I get high on water ... with lots of caffeine and sugar in it.
95
12/02/2021 17:12:35 0 0
bbc
And?
96
12/02/2021 17:13:32 5 5
bbc
Simple solution = Don't drink artificially flavoured sugary drinks which have no nutritional value. Fin.
68
12/02/2021 16:51:27 11 4
bbc
1) heavy 2) difficult to wash for re-use 3) lots of energy to make & transport
97
12/02/2021 17:15:45 3 1
bbc
Can you even wash and reuse these paper/plastic bottles?
Where does the paper come from?

I'm not convinced single-used semi-paper bottles will be better for the environment. But they'll certainly be lighter and therefore cheaper for CocaCola to transport
131
12/02/2021 17:34:19 1 0
bbc
Plastic bottles are far lighter and therefore more efficiently transported than a plastic/paper combination and it is far easier to recycle a plastic bottle than something made of mixed media. Put a returnable deposit on bottles and the littering will disappear overnight.
57
12/02/2021 16:39:24 39 2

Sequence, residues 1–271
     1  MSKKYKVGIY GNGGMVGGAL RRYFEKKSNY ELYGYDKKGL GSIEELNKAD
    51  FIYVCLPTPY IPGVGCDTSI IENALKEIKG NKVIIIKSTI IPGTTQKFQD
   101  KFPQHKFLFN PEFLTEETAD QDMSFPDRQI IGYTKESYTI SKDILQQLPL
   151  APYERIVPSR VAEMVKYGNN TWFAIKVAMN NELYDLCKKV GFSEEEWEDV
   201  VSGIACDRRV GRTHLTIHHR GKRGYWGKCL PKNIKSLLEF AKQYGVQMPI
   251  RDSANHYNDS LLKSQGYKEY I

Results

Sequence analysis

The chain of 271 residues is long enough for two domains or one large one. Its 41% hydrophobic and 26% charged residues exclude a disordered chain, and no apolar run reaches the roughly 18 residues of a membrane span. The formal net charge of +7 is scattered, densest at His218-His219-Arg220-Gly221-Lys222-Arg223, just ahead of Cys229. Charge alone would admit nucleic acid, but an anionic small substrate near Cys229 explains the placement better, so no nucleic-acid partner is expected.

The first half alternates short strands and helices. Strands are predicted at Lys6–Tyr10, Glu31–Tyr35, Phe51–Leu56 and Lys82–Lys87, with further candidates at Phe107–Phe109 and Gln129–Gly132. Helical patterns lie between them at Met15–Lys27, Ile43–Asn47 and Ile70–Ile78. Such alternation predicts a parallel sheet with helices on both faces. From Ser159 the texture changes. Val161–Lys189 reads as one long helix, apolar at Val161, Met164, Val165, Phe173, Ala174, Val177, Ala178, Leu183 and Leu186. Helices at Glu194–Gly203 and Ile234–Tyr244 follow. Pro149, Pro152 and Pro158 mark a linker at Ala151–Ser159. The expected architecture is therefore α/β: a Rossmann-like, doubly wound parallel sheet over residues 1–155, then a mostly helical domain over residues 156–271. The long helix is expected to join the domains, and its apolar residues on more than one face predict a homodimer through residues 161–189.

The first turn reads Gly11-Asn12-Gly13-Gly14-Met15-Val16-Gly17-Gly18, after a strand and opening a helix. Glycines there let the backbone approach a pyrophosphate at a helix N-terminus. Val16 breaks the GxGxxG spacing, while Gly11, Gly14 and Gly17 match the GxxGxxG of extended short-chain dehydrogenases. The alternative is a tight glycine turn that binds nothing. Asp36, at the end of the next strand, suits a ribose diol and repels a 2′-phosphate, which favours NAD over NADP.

bbc
30 yrs. ago, when living in So. California, many supermarkets had shredding machines outside and after putting the plastic bottle into the machine, it spat out a nickel.
Maybe more machines like this throughout the world would have helped to solve the recycling problem.
98
12/02/2021 17:15:57 8 0
bbc
When I lived in Norway, there was a return scheme for most containers. Plastic bottles and cans were put into a receptor slot, and after you finished it printed a ticket that you could use to pay for stuff at the till. A great incentive for people to scavenge the locality for discarded bottles and cans, so less litter too!
90
12/02/2021 17:10:23 7 1
bbc
No, read it to the end. The prototypes only have a plastic liner - in the final item the plan is to use a plant-based coating. And the cap will be paper too.
99
12/02/2021 17:16:07 2 0
bbc
Even reading it to the end it would have a plant based resin, doesnt make it the same to recycle as a newspaper.

Shiny magazines have coatings and can be a pain for recycling.

This is just another challenge - dont say its environmental until its proven from start to end of life cycle.
52
12/02/2021 16:30:45 6 2
bbc
glass bottle, and decent deposit on bottle on return , perfect you would have thought some one would have thought of that years ago, oh they did silly me
100
12/02/2021 17:17:45 0 0
bbc
Doesn't need to be glass, even strong plastic will do, as that can be reused as easily as glass :-)